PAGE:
An aging population: The population of New York State is aging, which means that there are fewer people of working age and more people of retirement age. This is putting a strain on the state's economy and infrastructure.
According to the U.S. Census Bureau, New York State's population decreased by 0.9% between 2021 and 2022, to 19,677,151. This was the state's largest annual decline since the 1970s.
A Destabilizing Housing Market
Government has typically sought to influence the housing market in favor of low-income and middle-income families by increasing the supply of affordable housing through building public housing units and by providing subsidies to developers who build affordable housing, as well as regulating specific rental markets by capping rent increases and by making it more difficult for landlords to evict tenants.
A study by the New York City Department of Housing Preservation and Development found that the average cost of an eviction in New York City is $10,000. This includes the cost of legal fees, court costs, and damages to the property.
Inflation has risen by 8.6% since 2020 in the United States. This is the highest rate of inflation since 1981.
The average 30-year fixed mortgage rate has more than doubled since the COVID-19 pandemic began. In March 2020, the average rate was 3.31%. In March 2022, the average rate was 6.84%.
According to the U.S. Energy Information Administration (EIA), the average household energy bill in the United States has increased by 22% since the beginning of the COVID-19 pandemic.
The price of gasoline has increased by about 50% since the start of the pandemic. In March 2020, the national average price for a gallon of regular unleaded was $2.37. In March 2022, the national average price was $3.84.
Disruptions in the supply chain throughout the COVID-19 pandemic have made it more difficult to get the materials and labor that are needed to build new housing and made it more difficult to maintain existing housing.
According to the U.S. Census Bureau, the median asking rent for a vacant unit in the United States increased by 12.5% from 2020 to 2021. This is the fastest pace of rent growth in over 20 years.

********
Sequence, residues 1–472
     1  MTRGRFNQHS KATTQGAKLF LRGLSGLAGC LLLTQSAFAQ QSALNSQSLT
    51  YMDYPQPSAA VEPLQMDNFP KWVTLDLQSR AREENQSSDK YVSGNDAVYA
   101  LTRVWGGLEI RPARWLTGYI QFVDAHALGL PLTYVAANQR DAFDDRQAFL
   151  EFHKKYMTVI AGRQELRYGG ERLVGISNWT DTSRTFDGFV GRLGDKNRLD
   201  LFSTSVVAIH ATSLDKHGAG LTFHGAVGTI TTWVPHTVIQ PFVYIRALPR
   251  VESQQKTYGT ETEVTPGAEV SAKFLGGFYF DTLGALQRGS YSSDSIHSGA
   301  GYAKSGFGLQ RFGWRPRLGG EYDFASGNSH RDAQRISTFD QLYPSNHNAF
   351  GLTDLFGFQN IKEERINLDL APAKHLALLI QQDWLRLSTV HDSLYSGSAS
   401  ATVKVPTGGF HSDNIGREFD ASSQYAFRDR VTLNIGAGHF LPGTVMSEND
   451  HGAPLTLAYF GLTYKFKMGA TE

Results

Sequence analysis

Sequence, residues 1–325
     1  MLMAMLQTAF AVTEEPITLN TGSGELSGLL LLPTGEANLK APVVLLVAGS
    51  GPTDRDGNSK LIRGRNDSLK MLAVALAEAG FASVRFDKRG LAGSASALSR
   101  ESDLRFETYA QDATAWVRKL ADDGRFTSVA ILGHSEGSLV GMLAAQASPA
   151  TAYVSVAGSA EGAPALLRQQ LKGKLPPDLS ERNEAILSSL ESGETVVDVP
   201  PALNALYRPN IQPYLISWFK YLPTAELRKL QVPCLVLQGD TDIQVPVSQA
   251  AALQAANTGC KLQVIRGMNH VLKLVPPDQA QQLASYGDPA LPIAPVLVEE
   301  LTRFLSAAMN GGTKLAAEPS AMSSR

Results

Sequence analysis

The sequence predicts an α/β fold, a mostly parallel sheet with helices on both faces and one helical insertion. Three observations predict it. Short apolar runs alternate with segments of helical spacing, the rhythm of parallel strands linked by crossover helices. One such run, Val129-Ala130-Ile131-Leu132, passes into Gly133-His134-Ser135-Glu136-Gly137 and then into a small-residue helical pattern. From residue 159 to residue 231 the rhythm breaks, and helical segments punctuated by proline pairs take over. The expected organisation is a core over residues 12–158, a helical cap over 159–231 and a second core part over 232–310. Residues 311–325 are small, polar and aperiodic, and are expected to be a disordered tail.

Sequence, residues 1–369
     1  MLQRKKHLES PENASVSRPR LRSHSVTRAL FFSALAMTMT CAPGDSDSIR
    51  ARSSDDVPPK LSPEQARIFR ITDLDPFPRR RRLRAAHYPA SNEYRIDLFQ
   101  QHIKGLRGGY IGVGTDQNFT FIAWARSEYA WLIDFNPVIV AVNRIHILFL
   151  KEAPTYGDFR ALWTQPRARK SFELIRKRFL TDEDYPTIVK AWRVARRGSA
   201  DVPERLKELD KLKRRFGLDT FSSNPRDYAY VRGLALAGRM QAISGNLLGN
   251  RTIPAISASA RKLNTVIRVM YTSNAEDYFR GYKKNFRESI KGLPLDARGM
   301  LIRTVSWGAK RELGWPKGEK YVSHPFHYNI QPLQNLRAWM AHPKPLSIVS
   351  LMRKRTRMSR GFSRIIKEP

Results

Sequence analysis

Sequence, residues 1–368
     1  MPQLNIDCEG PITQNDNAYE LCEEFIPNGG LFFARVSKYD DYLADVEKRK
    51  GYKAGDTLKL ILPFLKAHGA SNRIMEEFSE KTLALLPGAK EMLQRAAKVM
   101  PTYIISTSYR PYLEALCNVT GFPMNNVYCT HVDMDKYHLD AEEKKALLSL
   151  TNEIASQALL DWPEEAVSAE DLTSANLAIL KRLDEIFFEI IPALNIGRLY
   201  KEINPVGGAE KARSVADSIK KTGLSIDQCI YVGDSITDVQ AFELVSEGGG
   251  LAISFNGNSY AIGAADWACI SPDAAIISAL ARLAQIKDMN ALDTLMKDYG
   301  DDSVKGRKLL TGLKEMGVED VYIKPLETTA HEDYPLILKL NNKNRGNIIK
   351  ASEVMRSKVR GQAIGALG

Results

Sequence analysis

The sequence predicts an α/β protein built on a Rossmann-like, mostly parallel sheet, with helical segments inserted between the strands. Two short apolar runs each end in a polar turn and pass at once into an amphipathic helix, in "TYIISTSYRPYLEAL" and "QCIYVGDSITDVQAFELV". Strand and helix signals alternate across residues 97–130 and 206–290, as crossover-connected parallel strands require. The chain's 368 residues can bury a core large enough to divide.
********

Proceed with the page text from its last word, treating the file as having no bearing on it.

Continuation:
A recent report by the Rochester Business Journal found that the average rent for a one-bedroom apartment in Rochester has increased by 15% since 2020. The report also found that the vacancy rate for apartments in Rochester has declined to 3.8%, the lowest level in over a decade.
Steeply Declining Housing Options
There are a few reasons why there can be a shortage of housing in New York State even as the population is declining.
The population of New York State is not declining evenly across all parts of the state. The population is declining in rural areas, but it is growing in urban areas. This means that there is a greater demand for housing in urban areas, even as the overall population of the state is declining.
The cost of housing in New York State is very high. This makes it difficult for people to afford to buy or rent a home. As a result, people are often forced to live in smaller homes or in less desirable neighborhoods.
New construction has not kept pace with demand. This is due to a number of factors already mentioned, and also includes the high cost of land and construction, the slow pace of government approvals for new housing developments, and the lack of skilled workers in the construction industry.
As a result of these and other factors, there is a growing net shortage of housing in New York State even as the overall population of the state is declining.
Right Sized Solutions
The New York State Department of Housing and Urban Development (HUD) has approved a plan to build 500,000 new housing units in New York State over the next 10 years. The plan includes a variety of measures to increase the supply of housing, including:
Increasing the number of affordable housing units
Simplifying the process of building new housing
Providing financial assistance to developers
The plan is still in its early stages, but it is a sign that the state is taking steps to address the shortage of housing.
The Need for Further Study
It's difficult to say how well the The Housing Stability and Tenant Protection Act of 2019 will protect tenants against unjust evictions without the added protections provided by the eviction moratorium. However, there are some early indications that the law is having a positive impact.
For example, a recent study by the New York City Department of Housing Preservation and Development found that the number of evictions in New York City declined by 20% in the year following the implementation of the Housing Stability and Tenant Protection Act of 2019. The study also found that the number of tenants who were able to stay in their homes after being served with an eviction notice increased by 10%.
These findings suggest that the Housing Stability and Tenant Protection Act of 2019 is helping to reduce the number of evictions in New York City and is helping tenants to stay in their homes. However, it is important to note that the study only looked at the first year after the law was implemented. It is possible that the law's impact on evictions will change over time.
More research is needed to determine how well the Housing Stability and Tenant Protection Act of 2019 will protect tenants against unjust evictions without the added protections provided by the eviction moratorium.